In fact my entire visit to Berlin to meet DaWanda and to speak at the event was (gladly) not what I expected. Before the event started, I was talking to as many people as I could but everyone seemed a bit shy and unsure, you know those ‘pre-event jitters’ where no one knows the other, each one is checking out what the other is wearing trying to make some kind of assessment, and the vibe is a bit of fear combined with Why Did I Come To This Thing? The moment I hit the stage and started speaking, faces in the audience warmed up, arms unfolded, pads and pens surfaced from handbags and people started taking notes. Then laughing was heard and I saw hands raising to ask me questions, then more laughing and in the end, I was quite pleased with my welcome to Berlin and to part of the very large crafting community there in which DaWanda is at the very center of and this is just excellent.

I guess when I thought of young up-and-comers from Berlin I expected very fashionable, snobby types with very large brains and egos to match. It’s funny, the city is nothing like that, they are fashionable at least within the independent arts & crafts circles but they are not snobby at all, in fact those I met were extremely encouraging, eager to learn, and very friendly at least once they feel like they can trust you — then they are very friendly. I cannot believe what a melting pot Berlin is, everyone seems to live there from Polish to Turkish, to Scandinavians and even a huge American population. In the audience I met people from all over the world, all had flocked there because it’s affordable and filled with culture, it’s a great city for artists to live in because so many reasonably prices spaces exist that America sadly doesn’t have as much of these days thanks to greedy investors buying up so many great artists lofts and knocking down former artists spaces to build high rise condos. If you are ever interested in visiting a really large, really cool city go to Berlin. Or better yet, move there and be part of this amazing growth period because after the event I spoke to so many people and I was immensely inspired by the reasons for their move there.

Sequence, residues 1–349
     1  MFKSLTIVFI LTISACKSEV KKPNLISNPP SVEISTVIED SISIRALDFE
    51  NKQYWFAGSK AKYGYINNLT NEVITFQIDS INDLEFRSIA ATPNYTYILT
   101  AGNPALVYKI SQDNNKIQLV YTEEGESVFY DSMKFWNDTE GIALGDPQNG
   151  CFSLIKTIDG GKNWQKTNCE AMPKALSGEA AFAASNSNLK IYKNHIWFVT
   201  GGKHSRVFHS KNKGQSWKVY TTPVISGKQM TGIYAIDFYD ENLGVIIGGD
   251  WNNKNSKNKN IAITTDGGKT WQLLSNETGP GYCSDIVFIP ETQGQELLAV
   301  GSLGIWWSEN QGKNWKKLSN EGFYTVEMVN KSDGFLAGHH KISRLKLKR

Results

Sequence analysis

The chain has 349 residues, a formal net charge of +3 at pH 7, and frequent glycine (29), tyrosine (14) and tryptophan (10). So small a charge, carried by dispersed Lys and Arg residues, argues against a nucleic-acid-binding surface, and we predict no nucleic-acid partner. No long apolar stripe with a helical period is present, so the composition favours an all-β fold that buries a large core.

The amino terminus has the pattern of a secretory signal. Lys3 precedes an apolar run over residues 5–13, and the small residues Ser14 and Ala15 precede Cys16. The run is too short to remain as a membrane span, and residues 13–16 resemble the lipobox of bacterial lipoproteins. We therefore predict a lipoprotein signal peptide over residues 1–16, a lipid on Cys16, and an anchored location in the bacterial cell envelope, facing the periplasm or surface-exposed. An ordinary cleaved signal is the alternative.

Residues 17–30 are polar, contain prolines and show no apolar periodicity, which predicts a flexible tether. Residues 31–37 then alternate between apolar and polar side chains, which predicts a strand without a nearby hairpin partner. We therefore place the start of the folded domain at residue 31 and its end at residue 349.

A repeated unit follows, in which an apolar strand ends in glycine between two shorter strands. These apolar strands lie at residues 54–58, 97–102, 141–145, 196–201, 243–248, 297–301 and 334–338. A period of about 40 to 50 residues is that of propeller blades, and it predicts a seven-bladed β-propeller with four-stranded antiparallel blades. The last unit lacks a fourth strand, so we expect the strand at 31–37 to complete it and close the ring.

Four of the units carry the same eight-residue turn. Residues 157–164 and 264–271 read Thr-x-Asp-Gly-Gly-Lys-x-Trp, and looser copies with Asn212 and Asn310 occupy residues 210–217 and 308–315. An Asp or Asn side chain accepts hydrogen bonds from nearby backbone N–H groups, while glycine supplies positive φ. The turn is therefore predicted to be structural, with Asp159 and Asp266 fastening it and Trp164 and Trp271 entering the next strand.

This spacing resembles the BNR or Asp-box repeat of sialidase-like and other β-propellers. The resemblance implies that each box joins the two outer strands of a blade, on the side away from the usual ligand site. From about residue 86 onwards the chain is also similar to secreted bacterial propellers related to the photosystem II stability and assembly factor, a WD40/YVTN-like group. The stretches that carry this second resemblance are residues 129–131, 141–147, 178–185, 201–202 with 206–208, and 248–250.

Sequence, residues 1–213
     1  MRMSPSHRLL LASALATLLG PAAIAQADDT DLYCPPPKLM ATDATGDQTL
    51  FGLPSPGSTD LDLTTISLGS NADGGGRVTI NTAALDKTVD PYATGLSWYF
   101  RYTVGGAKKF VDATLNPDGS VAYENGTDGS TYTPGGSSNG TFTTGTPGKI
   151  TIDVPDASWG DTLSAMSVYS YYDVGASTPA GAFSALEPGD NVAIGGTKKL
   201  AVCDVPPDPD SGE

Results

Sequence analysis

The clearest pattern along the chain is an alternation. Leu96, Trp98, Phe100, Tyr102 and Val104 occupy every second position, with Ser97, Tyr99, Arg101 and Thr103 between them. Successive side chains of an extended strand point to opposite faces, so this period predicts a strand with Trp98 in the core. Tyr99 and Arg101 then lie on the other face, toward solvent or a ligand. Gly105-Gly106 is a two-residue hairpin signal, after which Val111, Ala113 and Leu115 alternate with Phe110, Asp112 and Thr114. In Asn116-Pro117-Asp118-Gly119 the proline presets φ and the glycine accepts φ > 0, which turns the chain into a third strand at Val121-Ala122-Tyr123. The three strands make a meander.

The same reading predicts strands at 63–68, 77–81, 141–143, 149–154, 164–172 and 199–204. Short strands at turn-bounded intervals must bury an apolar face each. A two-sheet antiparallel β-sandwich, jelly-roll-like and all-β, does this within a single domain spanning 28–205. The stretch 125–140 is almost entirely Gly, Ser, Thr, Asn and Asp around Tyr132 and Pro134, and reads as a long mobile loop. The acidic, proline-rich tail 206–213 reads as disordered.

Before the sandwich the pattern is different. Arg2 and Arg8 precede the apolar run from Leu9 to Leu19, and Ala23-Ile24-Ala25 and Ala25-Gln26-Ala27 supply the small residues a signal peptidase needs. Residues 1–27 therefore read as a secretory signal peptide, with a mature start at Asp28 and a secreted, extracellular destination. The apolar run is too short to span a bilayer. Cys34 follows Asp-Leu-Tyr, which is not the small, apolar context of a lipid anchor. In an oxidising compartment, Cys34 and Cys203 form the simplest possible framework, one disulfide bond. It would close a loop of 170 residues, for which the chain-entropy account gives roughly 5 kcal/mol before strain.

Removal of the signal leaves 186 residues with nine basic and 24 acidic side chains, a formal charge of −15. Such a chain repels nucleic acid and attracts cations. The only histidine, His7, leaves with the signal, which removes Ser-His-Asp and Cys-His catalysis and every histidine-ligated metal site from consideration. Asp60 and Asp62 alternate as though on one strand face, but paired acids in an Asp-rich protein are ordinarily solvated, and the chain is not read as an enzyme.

With a little history behind us, I will now proceed with my interview with DaWanda founders, Claudia Helming and Michael P?tz Stay tuned for Part Two: The Interview, in just a moment…

(images from DaWanda and Mathias Meyer who has awesome photos on Flickr so do visit him there)